Within the early 1600s, their ancestors, who were diplomats and advisors to their respective kings in Bohemia and Romania, met in Prague to strategize about the way to defeat the Turks who were threatening the Habsburg Empire. Fast forward to the early Nineteen Twenties, when Sandra’s grandfather, Radu Florescu — who had two diplomatic postings in Prague — likely crossed paths with the elder William’s grandfather, Max, also a diplomat. They were reunited in London during World War II, each serving their respective countries’ fight against the Nazis.

Sandra and William, too, were serendipitously linked as refugees and young adults living in Beacon Hill in Boston.

Sandra first spotted her now husband from the window of her apartment, years before they really met in person. William Sr. was booming out the lyrics to “Chanson d’Amour” that was playing on his Walkman, preparing for live shows he performed in the realm with the hopes of becoming an expert opera singer sooner or later.

Alexandra and William Lobkowicz with baby William Rudolf opening their first exhibition in 1995.

House of Lobkowicz

Safeguarding these memories and people of their ancestors — in addition to the cultural legacy they together fought to revive — is where their son’s blockchain ambitions become visible.

“We have handled losing our collections twice and regaining them twice in consequence of authoritarian regimes, but the way in which we got them back was actually through the receipts they kept,” explained the younger William.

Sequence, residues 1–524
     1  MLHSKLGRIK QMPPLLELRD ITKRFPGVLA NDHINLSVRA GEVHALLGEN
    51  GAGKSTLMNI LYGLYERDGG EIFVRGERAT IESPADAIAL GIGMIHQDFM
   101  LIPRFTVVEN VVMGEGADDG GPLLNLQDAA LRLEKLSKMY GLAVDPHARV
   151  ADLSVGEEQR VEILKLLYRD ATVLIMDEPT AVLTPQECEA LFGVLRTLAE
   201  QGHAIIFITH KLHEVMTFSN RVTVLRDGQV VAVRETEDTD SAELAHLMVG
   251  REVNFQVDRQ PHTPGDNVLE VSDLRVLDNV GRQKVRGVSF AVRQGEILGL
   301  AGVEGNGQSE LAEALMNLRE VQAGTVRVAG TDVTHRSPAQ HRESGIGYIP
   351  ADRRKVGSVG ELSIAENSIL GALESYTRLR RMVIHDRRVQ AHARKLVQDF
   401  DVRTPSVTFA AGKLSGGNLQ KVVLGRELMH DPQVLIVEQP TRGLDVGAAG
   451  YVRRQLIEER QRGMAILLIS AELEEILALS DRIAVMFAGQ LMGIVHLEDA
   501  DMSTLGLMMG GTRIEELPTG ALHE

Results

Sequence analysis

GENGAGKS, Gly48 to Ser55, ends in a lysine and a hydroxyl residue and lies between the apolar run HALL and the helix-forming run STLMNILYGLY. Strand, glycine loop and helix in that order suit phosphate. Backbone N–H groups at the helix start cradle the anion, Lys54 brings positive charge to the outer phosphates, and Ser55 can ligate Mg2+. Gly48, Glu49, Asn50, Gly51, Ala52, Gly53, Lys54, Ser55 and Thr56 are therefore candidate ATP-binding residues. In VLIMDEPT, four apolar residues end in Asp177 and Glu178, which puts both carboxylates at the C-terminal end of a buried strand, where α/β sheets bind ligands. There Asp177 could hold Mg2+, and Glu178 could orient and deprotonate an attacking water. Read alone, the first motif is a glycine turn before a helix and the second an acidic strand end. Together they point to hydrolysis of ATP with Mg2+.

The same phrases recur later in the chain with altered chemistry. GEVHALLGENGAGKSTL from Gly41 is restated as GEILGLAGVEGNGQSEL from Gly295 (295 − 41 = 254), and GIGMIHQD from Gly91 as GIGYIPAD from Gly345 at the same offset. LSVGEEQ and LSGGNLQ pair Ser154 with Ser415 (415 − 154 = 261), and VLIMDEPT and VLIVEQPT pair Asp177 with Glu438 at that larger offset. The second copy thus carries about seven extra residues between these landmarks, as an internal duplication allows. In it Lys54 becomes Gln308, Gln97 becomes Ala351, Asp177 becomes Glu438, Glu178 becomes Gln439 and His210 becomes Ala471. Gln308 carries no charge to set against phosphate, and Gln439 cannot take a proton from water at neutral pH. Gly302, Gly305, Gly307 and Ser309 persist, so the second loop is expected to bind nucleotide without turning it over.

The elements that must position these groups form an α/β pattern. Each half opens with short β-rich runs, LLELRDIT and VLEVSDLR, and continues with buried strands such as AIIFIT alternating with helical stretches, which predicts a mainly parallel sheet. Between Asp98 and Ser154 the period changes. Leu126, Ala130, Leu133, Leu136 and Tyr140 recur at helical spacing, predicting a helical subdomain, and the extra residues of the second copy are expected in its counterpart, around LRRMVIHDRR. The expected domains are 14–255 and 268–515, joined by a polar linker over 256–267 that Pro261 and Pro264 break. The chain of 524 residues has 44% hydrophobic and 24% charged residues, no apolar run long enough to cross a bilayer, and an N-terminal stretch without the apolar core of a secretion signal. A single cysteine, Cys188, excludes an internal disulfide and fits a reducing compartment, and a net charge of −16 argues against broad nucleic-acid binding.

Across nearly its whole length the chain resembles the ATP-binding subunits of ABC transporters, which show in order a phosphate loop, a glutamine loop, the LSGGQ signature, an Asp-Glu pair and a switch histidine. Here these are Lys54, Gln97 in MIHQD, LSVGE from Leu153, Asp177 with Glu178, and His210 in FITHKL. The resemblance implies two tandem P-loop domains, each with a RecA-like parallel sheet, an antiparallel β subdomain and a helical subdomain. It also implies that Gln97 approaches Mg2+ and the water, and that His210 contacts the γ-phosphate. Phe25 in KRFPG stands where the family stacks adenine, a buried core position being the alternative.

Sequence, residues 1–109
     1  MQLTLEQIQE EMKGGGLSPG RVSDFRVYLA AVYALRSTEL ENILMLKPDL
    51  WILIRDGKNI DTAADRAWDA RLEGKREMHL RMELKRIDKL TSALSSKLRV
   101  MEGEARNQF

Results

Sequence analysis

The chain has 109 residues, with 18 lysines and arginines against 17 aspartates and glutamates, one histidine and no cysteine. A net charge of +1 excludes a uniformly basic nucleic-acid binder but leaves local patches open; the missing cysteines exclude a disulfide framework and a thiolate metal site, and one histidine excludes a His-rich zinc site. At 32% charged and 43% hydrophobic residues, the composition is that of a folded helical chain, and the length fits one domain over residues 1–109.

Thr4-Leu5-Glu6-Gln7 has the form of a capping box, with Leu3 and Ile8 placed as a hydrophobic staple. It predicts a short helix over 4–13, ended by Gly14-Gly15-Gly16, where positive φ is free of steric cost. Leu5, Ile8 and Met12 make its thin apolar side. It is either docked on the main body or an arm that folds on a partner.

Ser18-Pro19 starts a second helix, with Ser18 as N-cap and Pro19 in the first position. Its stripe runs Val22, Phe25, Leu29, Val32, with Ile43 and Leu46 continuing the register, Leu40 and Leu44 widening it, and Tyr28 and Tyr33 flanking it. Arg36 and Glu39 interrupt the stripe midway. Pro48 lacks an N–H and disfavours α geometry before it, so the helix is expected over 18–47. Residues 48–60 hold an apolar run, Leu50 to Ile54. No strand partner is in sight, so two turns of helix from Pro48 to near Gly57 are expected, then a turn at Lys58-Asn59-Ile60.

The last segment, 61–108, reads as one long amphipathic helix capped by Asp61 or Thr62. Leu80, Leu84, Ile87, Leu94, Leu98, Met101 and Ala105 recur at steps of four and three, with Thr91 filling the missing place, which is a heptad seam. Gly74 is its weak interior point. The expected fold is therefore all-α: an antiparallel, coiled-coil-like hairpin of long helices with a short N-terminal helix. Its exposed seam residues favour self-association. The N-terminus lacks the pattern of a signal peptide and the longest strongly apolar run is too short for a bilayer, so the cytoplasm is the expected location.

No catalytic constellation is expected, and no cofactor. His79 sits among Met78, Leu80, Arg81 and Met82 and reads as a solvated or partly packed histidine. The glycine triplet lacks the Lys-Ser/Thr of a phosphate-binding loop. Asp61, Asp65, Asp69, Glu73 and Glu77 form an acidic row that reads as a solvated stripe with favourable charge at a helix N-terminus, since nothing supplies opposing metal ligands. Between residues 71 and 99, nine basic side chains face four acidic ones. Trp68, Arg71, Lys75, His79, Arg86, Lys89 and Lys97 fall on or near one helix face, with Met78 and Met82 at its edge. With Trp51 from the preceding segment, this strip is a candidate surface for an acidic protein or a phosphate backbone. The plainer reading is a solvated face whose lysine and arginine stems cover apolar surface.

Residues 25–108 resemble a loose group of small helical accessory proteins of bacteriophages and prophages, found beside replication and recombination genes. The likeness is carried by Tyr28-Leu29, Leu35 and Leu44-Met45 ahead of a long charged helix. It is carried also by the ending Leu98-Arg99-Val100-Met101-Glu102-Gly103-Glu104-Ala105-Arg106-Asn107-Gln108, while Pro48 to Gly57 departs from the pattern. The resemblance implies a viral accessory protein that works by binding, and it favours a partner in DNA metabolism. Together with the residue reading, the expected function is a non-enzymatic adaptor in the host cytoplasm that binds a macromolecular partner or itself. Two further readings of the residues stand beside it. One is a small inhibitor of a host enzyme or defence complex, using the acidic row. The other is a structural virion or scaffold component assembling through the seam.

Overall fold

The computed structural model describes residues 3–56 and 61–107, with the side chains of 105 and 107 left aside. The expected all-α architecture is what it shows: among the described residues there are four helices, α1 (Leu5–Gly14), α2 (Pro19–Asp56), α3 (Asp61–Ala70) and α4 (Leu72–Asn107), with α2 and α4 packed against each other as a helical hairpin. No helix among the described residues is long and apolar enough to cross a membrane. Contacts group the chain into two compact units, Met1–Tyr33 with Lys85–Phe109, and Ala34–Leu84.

Each regimes tracked the method and the provenance history of those pieces, so William Sr. was capable of trace ownership and discover where they’d been over time. Cryptocurrency blockchains — an immutable ledger tracing the provenance of digital artifacts — are an updated version of those meticulous lists kept by authoritarian regimes.

Only this time, the facility to trace these artifacts is within the hands of the rightful owners.

Nazi officers observing plans during their occupation of Roudnice Castle in 1939. The castle was become an SS training camp.

House of Lobkowicz

The rebel princes

“What I’m doing immediately, I do not think is any different from any of my predecessors. Each prince did something completely different based upon the times they lived in,” William said.

The Lobkowicz princes have a history of being rebels, each breaking tradition in their very own way.

Take the seventh prince, Franz Joseph Maximilian (1772-1816), who made a giant bet on Ludwig van Beethoven back when the composer was still a relative unknown. Beethoven famously incorporated a further French horn into his orchestra for the Eroica symphony at a time when people thought that type of sound was blasphemous.

Joseph gave the renegade composer an annual stipend, in addition to musicians and concert spaces, nearly bankrupting the House of Lobkowicz in the method. While the prince was his patron, Beethoven was free to compose music that revolutionized the symphonic world. In return, Beethoven would dedicate a few of his best works to the Prince, including his third (Eroica), fifth, and sixth (Pastoral) Symphonies.

Renovated Beethoven Room on the Lobkowicz Palace.

House of Lobkowicz

Then there was William’s great grandfather, Maximilian Lobkowicz (1888-1967), who realized that the world of his princely predecessors was becoming obsolete. The tip of World War I brought the autumn of the Austo-Hungarian Empire and the rise of independent nation states, including a democratic Republic of Czechoslovakia.